Satellite derived offshore migratory movements of southern right whales (Eubalaena australis) from Australian and New Zealand wintering grounds.

Show simple item record Mackay, Alice I en Bailleul, Frédéric en Carroll, Emma en Andrews-Goff, Virginia en Baker, C Scott en Bannister, John en Boren, Laura en Carlyon, Krisa en Donnelly, David M en Double, Michael en Goldsworthy, Simon D en Harcourt, Robert en Holman, Dirk en Lowther, Andrew en Parra, Guido J en Childerhouse, Simon J en 2020-07-07T00:56:33Z en 2020-01 en
dc.identifier.citation PloS one 15(5):e0231577 Jan 2020 en
dc.identifier.issn 1932-6203 en
dc.identifier.uri en
dc.description.abstract Southern right whales (Eubalaena australis) migrate between Austral-winter calving and socialising grounds to offshore mid- to high latitude Austral-summer feeding grounds. In Australasia, winter calving grounds used by southern right whales extend from Western Australia across southern Australia to the New Zealand sub-Antarctic Islands. During the Austral-summer these whales are thought to migrate away from coastal waters to feed, but the location of these feeding grounds is only inferred from historical whaling data. We present new information on the satellite derived offshore migratory movements of six southern right whales from Australasian wintering grounds. Two whales were tagged at the Auckland Islands, New Zealand, and the remaining four at Australian wintering grounds, one at Pirates Bay, Tasmania, and three at Head of Bight, South Australia. The six whales were tracked for an average of 78.5 days (range: 29 to 150) with average individual distance of 38 km per day (range: 20 to 61 km). The length of individually derived tracks ranged from 645-6,381 km. Three likely foraging grounds were identified: south-west Western Australia, the Subtropical Front, and Antarctic waters, with the Subtropical Front appearing to be a feeding ground for both New Zealand and Australian southern right whales. In contrast, the individual tagged in Tasmania, from a sub-population that is not showing evidence of post-whaling recovery, displayed a distinct movement pattern to much higher latitude waters, potentially reflecting a different foraging strategy. Variable population growth rates between wintering grounds in Australasia could reflect fidelity to different quality feeding grounds. Unlike some species of baleen whale populations that show movement along migratory corridors, the new satellite tracking data presented here indicate variability in the migratory pathways taken by southern right whales from Australia and New Zealand, as well as differences in potential Austral summer foraging grounds. en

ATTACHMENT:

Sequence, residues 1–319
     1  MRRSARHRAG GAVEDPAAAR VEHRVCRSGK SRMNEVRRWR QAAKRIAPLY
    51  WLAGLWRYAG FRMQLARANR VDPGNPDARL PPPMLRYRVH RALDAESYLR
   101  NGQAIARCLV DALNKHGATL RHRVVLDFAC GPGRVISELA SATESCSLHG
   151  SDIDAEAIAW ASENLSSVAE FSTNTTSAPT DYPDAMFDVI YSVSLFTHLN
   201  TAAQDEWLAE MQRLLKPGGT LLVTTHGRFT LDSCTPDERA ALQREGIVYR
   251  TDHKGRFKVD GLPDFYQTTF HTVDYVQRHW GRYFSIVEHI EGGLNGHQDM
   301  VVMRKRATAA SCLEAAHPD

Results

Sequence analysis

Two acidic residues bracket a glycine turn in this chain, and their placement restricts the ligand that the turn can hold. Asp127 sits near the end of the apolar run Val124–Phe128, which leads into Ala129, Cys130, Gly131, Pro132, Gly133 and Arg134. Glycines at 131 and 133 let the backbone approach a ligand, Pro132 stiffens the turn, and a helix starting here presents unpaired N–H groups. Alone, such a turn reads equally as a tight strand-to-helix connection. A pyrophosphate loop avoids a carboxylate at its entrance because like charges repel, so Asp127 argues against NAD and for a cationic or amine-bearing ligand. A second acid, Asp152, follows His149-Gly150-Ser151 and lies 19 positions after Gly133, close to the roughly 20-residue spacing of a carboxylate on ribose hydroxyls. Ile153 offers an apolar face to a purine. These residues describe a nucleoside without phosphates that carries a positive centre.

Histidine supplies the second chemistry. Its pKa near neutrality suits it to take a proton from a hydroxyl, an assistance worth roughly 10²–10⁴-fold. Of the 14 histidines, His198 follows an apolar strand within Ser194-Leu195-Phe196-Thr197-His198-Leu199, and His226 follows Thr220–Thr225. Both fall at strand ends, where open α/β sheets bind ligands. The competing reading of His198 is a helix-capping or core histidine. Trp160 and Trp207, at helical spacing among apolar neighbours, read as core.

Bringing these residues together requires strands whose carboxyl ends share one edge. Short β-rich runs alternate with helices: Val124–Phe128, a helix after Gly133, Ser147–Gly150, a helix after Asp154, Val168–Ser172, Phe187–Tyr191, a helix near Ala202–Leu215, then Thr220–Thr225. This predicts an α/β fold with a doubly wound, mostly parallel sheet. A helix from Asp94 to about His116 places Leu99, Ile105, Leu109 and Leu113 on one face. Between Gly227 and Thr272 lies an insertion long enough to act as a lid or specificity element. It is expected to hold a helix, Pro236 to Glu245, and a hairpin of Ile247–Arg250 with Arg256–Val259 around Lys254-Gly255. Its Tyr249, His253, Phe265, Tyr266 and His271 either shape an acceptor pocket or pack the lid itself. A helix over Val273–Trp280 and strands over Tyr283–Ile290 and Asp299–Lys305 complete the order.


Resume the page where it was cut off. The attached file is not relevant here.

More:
dc.format.medium Electronic-eCollection en
dc.language eng en
dc.relation.ispartofseries PloS one en
dc.rights Items in ResearchSpace are protected by copyright, with all rights reserved, unless otherwise indicated. Previously published items are made available in accordance with the copyright policy of the publisher. en
dc.rights.uri en
dc.rights.uri en
dc.subject Animals en
dc.subject Whales en
dc.subject Telemetry en
dc.subject Models, Statistical en
dc.subject Animal Migration en
dc.subject Seasons en
dc.subject Satellite Communications en
dc.subject Australia en
dc.subject New Zealand en
dc.title Satellite derived offshore migratory movements of southern right whales (Eubalaena australis) from Australian and New Zealand wintering grounds. en
dc.type Journal Article en
dc.identifier.doi 10.1371/journal.pone.0231577 en
pubs.issue 5 en
pubs.begin-page e0231577 en
pubs.volume 15 en
dc.rights.holder Copyright: The authors en
pubs.publication-status Published en
dc.rights.accessrights en
pubs.subtype Research Support, Non-U.S. Gov't en
pubs.subtype research-article en
pubs.subtype Journal Article en
pubs.elements-id 802075 en Science en Biological Sciences en
dc.identifier.eissn 1932-6203 en
pubs.record-created-at-source-date 2020-05-08 en
pubs.dimensions-id 32380516 en

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